support gumshoe journalists as well as a president willing to investigate and prosecute criminal activity at the highest level — even U.S. senators of his own party. How times have changed as we now watch the U.S. Postal Service (USPS) looted like prime timberland. A venerable institution that helped build the country is being gutted. This is not, as the mainstream media slothfully claims, because the Internet has rendered it obsolete, but because it represents lumber ripe for the taking while what’s left of the press takes an extended holiday from curiosity.

Last July, the USPS succeeded in uniting a famously fractious town when it announced plans to sell Berkeley’s century-old downtown post office. Berkeley has, ever since, proved a public relations migraine for USPS management. USPS occasionally meets its legal obligation to take public comment on pending sales, and it did so in Berkeley on February 26 at a meeting where USPS representatives endured hours of abuse and outrage from an overflow crowd at the old City Hall. The city council and mayor unanimously condemned the proposed sale. Activists demonstrated at the historic post office, gathered petition signatures, and — in lieu of local press — leafletted town residents about what they were about to lose.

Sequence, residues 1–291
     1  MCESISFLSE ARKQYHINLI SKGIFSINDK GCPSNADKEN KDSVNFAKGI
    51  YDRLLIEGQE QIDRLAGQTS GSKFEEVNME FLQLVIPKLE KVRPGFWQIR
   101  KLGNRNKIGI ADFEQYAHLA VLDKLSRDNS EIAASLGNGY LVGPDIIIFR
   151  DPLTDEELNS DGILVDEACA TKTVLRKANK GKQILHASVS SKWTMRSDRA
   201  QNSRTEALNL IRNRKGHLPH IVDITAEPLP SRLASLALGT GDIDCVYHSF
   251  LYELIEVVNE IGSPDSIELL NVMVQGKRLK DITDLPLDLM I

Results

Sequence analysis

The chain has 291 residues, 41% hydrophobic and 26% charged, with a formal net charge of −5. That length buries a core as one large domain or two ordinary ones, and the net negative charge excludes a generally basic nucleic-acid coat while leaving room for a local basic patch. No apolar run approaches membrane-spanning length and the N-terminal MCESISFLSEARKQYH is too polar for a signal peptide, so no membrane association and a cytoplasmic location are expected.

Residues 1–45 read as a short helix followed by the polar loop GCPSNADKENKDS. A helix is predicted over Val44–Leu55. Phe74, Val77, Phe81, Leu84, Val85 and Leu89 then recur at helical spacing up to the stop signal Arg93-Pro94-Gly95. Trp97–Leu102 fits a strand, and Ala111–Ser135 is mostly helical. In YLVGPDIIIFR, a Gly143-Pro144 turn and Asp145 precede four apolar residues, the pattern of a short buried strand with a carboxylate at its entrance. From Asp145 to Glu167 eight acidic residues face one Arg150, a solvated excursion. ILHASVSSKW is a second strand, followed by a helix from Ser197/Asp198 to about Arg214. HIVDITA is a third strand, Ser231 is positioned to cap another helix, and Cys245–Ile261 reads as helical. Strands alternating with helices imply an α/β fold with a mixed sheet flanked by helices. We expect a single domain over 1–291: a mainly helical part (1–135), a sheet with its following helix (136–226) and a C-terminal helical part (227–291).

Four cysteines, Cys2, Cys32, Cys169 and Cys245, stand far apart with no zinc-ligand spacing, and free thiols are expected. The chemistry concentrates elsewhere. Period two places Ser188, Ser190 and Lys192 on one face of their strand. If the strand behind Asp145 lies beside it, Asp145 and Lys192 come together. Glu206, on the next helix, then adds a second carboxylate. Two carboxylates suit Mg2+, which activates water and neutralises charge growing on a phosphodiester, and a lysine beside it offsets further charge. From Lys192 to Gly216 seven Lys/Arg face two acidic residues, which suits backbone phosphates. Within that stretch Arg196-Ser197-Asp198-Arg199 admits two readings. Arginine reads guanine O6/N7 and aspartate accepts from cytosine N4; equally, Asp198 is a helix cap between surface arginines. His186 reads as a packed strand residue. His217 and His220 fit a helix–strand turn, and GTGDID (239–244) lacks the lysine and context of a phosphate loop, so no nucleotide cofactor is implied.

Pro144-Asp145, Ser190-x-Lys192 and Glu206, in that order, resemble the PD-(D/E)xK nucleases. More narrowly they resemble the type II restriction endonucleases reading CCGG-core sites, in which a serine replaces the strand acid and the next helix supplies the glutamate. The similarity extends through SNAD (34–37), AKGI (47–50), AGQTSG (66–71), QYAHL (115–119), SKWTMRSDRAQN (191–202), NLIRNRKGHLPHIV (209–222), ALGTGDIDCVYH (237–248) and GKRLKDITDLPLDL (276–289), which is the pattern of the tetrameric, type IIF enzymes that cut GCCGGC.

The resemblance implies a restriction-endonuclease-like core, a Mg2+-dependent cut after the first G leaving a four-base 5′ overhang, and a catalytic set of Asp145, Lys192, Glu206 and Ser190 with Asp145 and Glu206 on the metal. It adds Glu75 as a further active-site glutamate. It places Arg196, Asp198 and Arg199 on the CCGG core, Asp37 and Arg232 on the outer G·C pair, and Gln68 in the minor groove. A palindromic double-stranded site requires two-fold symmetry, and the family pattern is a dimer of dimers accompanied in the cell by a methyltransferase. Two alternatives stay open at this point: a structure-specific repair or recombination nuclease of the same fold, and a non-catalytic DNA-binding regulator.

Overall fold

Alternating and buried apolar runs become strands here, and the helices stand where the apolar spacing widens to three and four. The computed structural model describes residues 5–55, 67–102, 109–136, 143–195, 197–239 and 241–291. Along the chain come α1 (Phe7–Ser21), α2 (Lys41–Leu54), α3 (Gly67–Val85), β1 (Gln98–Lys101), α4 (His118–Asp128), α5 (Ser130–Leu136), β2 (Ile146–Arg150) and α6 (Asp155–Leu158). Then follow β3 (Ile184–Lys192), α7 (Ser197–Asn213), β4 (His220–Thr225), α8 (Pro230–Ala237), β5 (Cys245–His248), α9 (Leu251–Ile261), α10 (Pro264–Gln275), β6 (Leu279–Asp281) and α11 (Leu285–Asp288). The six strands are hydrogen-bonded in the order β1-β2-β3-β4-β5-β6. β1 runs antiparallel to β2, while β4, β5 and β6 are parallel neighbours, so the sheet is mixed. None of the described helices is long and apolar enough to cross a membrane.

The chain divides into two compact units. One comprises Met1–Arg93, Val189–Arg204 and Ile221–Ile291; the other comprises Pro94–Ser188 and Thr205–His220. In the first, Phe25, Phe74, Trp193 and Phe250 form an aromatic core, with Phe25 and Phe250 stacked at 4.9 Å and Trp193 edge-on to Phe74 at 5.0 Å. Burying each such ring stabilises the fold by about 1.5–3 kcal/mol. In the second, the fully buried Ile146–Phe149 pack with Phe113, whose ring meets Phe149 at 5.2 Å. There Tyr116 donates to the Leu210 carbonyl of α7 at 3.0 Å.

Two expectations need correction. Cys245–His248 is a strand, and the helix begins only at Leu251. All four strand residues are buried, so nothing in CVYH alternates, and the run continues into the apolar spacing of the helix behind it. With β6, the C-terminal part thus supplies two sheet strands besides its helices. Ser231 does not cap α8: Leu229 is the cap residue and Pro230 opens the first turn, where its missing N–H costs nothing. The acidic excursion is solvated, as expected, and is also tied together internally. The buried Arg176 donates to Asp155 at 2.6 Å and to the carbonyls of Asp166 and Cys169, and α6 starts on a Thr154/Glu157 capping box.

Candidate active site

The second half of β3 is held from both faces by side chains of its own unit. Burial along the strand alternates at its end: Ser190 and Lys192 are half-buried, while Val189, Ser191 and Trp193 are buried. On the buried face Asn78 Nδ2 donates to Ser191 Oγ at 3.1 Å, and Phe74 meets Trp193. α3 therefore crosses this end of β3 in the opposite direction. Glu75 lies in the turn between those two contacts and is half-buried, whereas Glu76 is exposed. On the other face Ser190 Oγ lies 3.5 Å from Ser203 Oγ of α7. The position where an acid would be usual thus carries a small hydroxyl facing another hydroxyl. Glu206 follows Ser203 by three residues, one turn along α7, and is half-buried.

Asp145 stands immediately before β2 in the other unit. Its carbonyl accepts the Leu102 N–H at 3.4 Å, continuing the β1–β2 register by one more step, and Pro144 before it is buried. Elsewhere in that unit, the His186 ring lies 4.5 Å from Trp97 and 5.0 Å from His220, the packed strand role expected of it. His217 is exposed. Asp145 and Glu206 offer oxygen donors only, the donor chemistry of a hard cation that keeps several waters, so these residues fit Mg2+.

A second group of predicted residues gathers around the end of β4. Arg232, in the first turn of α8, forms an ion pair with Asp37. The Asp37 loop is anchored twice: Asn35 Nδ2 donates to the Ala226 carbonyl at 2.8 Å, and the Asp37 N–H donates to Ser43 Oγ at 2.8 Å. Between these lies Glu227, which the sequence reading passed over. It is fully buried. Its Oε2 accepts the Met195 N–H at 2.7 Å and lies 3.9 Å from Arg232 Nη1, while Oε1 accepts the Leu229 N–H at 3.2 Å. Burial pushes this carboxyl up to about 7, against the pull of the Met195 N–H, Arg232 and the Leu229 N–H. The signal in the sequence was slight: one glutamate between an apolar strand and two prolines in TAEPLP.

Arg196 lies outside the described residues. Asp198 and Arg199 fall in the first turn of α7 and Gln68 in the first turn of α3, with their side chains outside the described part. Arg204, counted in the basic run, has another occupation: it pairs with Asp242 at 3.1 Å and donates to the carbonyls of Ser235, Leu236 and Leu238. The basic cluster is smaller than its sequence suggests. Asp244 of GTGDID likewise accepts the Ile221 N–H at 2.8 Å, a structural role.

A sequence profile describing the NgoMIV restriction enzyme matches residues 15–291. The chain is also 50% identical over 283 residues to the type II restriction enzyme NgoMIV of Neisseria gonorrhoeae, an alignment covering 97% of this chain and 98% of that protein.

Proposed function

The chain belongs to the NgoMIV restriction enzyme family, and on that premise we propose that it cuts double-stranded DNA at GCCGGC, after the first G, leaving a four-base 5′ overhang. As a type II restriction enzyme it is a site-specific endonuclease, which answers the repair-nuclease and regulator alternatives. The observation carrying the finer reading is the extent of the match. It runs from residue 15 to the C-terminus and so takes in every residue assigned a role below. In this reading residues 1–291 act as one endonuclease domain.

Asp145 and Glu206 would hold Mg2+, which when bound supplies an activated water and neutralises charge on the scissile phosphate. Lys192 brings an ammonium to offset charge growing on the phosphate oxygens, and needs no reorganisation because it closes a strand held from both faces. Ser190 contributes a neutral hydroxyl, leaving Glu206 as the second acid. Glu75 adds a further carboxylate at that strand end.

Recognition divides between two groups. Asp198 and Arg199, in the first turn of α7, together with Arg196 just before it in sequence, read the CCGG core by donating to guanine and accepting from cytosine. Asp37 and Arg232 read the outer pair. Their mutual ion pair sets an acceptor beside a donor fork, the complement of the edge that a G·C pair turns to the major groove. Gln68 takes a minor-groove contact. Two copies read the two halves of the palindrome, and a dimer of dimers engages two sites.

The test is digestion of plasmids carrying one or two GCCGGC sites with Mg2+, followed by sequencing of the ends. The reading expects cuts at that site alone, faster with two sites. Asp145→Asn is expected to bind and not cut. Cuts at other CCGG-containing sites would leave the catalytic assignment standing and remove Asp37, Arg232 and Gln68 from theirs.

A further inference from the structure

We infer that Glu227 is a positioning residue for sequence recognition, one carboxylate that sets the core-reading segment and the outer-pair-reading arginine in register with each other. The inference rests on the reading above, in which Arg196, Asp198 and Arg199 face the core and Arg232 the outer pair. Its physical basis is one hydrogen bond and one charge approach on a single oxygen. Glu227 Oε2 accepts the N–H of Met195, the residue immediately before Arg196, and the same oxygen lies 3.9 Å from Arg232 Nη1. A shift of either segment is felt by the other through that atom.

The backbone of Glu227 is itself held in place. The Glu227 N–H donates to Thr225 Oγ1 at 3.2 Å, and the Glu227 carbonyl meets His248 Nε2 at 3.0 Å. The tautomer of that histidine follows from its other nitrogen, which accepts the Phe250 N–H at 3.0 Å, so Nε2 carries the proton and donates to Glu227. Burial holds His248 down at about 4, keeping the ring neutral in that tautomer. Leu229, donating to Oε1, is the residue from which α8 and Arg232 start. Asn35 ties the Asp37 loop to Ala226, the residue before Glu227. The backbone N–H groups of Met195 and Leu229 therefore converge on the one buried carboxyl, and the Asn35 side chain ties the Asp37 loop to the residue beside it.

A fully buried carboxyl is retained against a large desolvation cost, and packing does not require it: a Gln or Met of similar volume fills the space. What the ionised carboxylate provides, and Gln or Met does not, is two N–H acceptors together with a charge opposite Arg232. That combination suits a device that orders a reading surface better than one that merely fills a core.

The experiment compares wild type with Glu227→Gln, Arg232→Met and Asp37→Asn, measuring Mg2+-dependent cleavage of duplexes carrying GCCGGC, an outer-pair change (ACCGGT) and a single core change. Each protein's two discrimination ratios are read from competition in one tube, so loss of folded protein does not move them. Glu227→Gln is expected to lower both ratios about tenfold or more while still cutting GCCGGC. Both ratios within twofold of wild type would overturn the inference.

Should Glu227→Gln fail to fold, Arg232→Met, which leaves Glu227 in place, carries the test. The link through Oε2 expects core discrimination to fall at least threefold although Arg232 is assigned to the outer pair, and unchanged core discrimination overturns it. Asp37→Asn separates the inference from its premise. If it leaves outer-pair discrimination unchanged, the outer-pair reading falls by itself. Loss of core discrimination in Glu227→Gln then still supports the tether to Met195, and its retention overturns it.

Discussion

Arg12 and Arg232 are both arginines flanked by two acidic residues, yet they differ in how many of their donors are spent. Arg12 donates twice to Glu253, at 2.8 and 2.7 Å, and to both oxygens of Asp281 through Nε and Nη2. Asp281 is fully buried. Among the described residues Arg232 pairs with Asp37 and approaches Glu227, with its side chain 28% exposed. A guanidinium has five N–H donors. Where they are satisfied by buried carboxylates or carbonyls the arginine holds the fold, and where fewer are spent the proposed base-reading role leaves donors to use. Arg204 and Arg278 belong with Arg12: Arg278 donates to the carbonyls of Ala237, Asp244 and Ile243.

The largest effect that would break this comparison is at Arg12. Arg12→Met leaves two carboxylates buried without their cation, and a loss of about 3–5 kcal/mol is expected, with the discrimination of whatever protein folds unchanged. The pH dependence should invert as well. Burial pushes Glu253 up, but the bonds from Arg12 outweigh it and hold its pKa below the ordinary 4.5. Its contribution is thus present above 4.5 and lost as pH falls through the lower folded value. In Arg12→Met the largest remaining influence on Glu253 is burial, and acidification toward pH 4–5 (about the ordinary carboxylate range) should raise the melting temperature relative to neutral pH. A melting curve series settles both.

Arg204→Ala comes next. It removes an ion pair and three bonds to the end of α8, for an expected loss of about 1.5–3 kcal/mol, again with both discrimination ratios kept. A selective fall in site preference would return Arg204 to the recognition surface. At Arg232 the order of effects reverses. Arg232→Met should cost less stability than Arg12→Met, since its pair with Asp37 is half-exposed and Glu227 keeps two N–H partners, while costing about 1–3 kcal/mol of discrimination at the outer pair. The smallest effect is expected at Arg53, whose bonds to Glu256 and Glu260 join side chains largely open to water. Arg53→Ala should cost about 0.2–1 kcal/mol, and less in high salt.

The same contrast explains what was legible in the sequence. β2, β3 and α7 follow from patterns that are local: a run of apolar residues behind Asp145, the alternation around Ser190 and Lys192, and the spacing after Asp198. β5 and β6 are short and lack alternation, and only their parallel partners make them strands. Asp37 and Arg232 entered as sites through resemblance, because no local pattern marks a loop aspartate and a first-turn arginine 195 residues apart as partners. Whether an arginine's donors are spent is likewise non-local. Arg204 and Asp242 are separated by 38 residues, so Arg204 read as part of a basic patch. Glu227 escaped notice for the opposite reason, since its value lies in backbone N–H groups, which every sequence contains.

Perhaps because of that unprecedented resistance, Postmaster General Patrick Donohoe paid Mayor Bates the courtesy of a letter he said would “clarify the facts about the Postal Service’s financial crisis.”

That crisis, Donohoe claimed, has forced him to radically shrink his agency while selling properties paid for by U.S. taxpayers for over a century. Among those properties are architecturally distinguished, landmarked and centrally located post offices like Berkeley’s, many of them containing a gallery of unique New Deal murals and sculpture intended for and belonging to the American people. The handsome buildings marked by flagpoles are often the only federal presence in small towns where they double as community centers — and those public venues are vanishing under Donohoe’s watch.